When people talk about composting, the first thing that usually comes to mind is a large mass of decomposed (yet fertile) materials piling up in someone’s backyard. However, composting is not solely a luxury of home-dwellers — folks in apartments can get in on the action, too. With a little craftiness and ingenuity, composting is a possibility in even the smallest of places.
What you’ll need
After you figure out where you’re going to put your compost bin — maybe under your bathroom sink, in a closet or on your patio — you’ll need something to actually contain it. Plastic boxes, metal containers, garbage bins and buckets all work fine, but make sure you have the tools to fashion several small holes for aerobic respiration.
If you’re going to make fertile soil, you’ll have to mimic conditions of natural soils, which need a steady supply of fresh air. Freshly shredded newspaper and some dirt will serve as the foundation of your compost companion.
Fill it up
Wait! Don’t throw your meat in the compost! There are certain dos and don’ts for material suitable for compost heaps. Think about it like this — if it came from the earth, it can return to the earth. Coffee grounds, banana peels, brown paper bags, old bread, apple cores and wine corks are the kind of things that are suitable for composting.
You’ll want to avoid things like animal parts (meat, bones), animal products (dairy, poop), or anything made in a laboratory like chemicals or plastic — these things will start to smell and attract bugs.
Hire some (microscopic and vermiculite) staff
What you see above is a species of rotifer, a special type of microorganism that ingests bacteria that naturally reproduce in compost, consumes them and excretes materials that make up rich, fertile soil. In other words, a compost without living organisms is a dull affair. Available online, rotifers accelerate the composting process and improve the quality of the final product.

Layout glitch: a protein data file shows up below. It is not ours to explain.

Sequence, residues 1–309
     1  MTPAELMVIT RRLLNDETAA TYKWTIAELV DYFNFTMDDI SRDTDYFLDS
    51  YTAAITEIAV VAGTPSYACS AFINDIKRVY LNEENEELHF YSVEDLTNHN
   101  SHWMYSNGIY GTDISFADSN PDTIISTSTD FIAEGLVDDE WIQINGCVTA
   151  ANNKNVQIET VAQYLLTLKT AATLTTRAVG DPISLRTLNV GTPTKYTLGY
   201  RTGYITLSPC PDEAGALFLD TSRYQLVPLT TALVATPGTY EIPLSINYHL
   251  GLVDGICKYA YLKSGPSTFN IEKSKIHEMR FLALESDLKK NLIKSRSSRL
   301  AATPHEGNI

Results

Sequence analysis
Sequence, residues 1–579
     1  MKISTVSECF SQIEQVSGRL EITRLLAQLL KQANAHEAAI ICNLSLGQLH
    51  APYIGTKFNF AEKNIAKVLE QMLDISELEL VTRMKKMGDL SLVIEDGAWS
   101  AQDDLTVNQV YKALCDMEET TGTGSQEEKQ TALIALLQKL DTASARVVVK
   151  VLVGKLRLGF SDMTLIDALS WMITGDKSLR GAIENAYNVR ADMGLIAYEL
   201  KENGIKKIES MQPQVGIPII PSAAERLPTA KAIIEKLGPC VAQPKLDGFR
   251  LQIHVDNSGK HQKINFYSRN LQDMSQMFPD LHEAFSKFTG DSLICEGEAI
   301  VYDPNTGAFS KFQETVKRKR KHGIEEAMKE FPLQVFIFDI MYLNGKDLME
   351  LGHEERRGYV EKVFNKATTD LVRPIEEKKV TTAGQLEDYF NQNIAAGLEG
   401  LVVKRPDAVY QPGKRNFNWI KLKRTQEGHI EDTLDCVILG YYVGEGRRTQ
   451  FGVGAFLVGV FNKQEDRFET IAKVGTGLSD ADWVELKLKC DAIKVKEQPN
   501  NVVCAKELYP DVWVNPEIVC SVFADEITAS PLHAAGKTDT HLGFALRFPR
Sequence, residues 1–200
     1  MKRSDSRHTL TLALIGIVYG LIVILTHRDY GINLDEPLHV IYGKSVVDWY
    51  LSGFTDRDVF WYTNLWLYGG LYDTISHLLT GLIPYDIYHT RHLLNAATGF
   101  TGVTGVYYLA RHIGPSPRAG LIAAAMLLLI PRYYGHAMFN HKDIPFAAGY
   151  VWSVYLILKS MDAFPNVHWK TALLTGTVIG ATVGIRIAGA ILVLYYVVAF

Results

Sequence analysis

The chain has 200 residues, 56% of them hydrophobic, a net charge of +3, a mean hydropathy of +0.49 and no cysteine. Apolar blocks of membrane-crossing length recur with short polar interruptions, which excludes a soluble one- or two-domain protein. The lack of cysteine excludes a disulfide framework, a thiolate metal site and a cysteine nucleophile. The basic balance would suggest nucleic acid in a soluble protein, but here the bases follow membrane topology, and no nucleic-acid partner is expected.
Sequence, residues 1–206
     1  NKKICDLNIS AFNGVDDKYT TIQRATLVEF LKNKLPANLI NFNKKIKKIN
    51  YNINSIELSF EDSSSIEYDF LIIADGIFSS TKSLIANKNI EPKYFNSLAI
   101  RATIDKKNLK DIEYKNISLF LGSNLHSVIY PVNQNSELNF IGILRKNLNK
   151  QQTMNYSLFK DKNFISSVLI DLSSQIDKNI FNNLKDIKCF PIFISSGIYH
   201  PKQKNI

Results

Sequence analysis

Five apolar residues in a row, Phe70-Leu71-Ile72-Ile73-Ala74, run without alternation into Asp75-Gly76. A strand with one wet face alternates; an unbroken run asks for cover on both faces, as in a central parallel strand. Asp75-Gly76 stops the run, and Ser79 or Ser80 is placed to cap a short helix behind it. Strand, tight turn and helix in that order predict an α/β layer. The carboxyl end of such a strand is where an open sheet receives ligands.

Earthworms work a similar way by ingesting the decomposing materials and creating natural aeration pathways in the soil. Their end products are the natural, healthy materials that plants need. You can easily find these in the sporting goods section of retail stores and with merchants who specialize in gardening.
Maintain your compost
Be sure to regularly stir your compost. Since not everything will decompose at the same time or rate, you’ll want to support a healthy balance. Add water if it’s too dry, or more newspaper if it’s too wet.
What to do when it’s ready
Of course, composting is great if you want to grow some plants in your small apartment since it naturally contains everything plants need to grow big and vibrant. Or, you could give it to a friend. Be sure to pat yourself on the back for being a friend of the Earth.
You don’t need a spacious backyard to begin recycling your own waste. Utilize space in your apartment to achieve your compost dreams!